Since we are just using form input elements as a way to capture data, rather than using an HTML form to actually submit the data for us, we need a way to send that captured data along with the HTTP request we trigger at some point. This is easy enough with simple text data, as we can just attach it directly to the body manually, e.g:

const data = {
    comment: 'hello',
    author: 'josh'
};

let response = await fetch("https://someapi.com/comments", {
    method: 'POST',
    body: JSON.stringify(data),
    headers: {
        'Content-Type': 'application/json'
    }
});

In this scenario, we could just replace hello and josh with whatever data the user entered into the form inputs (exactly how this is achieved will depend on the framework being used).

If you would like more information on sending POST requests with the Fetch API you can read: HTTP Requests in StencilJS with the Fetch API. This is a good option if you are using StencilJS or React, but if you are using Angular you would be better off using the built-in HttpClient.

But how do we handle adding files to the body of the HTTP request?

We can’t just add files to the body of the request as we would with simple text values. This is where the FormData API comes in. The FormData API allows us to dynamically create form data that we can send via an HTTP request, without actually needing to use an HTML <form>. The best part is that the form data created will be encoded the same way as if we had used a form with an enctype of multipart/form-data which is exactly what we want to upload files.

All you would need to do is listen for a change event on the file input fields, e.g. in StencilJS/React:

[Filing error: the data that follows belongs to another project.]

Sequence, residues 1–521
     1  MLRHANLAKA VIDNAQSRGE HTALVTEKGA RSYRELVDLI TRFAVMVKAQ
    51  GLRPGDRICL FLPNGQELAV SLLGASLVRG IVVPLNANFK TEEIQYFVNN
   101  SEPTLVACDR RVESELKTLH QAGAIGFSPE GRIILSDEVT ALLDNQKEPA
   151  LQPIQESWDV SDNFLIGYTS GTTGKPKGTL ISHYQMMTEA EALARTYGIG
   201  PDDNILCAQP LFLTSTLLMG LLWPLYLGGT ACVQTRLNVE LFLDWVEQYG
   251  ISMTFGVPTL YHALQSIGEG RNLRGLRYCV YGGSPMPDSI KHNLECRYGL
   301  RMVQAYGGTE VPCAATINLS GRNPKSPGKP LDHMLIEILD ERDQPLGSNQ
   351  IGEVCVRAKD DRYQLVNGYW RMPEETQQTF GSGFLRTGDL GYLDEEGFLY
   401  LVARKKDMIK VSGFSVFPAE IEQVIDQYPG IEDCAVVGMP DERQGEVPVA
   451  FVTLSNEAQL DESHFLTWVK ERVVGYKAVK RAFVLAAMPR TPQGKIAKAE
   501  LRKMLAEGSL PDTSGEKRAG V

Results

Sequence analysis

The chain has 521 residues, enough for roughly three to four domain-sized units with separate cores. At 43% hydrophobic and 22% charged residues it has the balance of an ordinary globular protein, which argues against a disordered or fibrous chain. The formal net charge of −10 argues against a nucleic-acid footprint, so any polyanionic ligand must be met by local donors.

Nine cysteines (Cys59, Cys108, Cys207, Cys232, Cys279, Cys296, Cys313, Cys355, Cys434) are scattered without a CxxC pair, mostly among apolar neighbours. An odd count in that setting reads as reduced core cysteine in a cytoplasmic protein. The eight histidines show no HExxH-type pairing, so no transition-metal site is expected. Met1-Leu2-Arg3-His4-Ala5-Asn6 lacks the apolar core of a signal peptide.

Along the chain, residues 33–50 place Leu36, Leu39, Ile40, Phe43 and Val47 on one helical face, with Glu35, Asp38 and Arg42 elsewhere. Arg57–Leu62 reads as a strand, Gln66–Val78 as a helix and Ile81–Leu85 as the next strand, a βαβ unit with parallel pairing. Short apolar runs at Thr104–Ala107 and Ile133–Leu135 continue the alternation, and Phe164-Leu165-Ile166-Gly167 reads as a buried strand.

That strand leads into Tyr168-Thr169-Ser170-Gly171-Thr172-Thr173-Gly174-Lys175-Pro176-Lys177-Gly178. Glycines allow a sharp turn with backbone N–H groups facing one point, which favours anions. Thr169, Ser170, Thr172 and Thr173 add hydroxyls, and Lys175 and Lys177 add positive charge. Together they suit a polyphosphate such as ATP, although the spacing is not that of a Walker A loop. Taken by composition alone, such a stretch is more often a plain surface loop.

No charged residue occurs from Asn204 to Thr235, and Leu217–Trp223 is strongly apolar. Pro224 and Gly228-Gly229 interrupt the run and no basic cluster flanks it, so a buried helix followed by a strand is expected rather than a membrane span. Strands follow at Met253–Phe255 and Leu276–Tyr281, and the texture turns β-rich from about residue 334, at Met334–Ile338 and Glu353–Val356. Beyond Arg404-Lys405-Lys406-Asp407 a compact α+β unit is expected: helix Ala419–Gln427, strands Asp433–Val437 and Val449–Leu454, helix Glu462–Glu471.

<input type="file" onChange={ev => this.onFileChange(ev)}></input>

or Angular:

<input type="file" (change)="onFileChange($event)" />

and then pass that event to some method that will make the data available to whatever is building your form data for submission (either immediately or later). With StencilJS this would look like:

uploadPhoto(fileChangeEvent){
  // Get a reference to the file that has just been added to the input
  const photo = fileChangeEvent.target.files[0];

  // Create a form data object using the FormData API
  let formData = new FormData();

  // Add the file that was just added to the form data
  formData.append("photo", photo, photo.name);

  // POST formData to server using Fetch API
}

or with React:

  const uploadPhoto = (fileChangeEvent) => {

    // Get a reference to the file that has just been added to the input
    const photo = fileChangeEvent.target.files[0];

    // Create a form data object using the FormData API
    let formData = new FormData();

    // Add the file that was just added to the form data
    formData.append("photo", photo, photo.name);

    // POST formData to server using Fetch API 
  };

or with Angular:

  uploadPhoto(fileChangeEvent) {
    // Get a reference to the file that has just been added to the input
    const photo = fileChangeEvent.target.files[0];

    // Create a form data object using the FormData API
    let formData = new FormData();

    // Add the file that was just added to the form data
    formData.append("photo", photo, photo.name);

    // POST formData to server using HttpClient
  }